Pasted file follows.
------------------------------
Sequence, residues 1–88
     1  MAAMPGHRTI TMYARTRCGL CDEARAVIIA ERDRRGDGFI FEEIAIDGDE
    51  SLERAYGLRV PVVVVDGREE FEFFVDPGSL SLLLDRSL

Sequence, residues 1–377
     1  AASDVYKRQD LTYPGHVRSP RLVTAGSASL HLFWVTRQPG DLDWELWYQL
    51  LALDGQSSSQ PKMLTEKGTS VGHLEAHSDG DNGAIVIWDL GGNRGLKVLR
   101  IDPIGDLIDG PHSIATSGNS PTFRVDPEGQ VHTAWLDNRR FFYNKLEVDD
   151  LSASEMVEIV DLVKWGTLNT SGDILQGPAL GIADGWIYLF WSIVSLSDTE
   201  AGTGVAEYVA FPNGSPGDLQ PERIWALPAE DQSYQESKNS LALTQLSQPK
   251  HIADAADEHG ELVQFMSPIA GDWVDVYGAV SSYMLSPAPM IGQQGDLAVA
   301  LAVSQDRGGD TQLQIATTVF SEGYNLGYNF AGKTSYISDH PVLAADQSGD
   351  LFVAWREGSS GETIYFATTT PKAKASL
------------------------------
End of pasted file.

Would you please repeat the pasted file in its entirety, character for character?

Sequence, residues 1–88
     1  MAAMPGHRTI TMYARTRCGL CDEARAVIIA ERDRRGDGFI FEEIAIDGDE
    51  SLERAYGLRV PVVVVDGREE FEFFVDPGSL SLLLDRSL

Sequence, residues 1–377
     1  AASDVYKRQD LTYPGHVRSP RLVTAGSASL HLFWVTRQPG DLDWELWYQL
    51  LALDGQSSSQ PKMLTEKGTS VGHLEAHSDG DNGAIVIWDL GGNRGLKVLR
   101  IDPIGDLIDG PHSIATSGNS PTFRVDPEGQ VHTAWLDNRR FFYNKLEVDD
   151  LSASEMVEIV DLVKWGTLNT SGDILQGPAL GIADGWIYLF WSIVSLSDTE
   201  AGTGVAEYVA FPNGSPGDLQ PERIWALPAE DQSYQESKNS LALTQLSQPK
   251  HIADAADEHG ELVQFMSPIA GDWVDVYGAV SSYMLSPAPM IGQQGDLAVA
   301  LAVSQDRGGD TQLQIATTVF SEGYNLGYNF AGKTSYISDH PVLAADQSGD
   351  LFVAWREGSS GETIYFATTT PKAKASL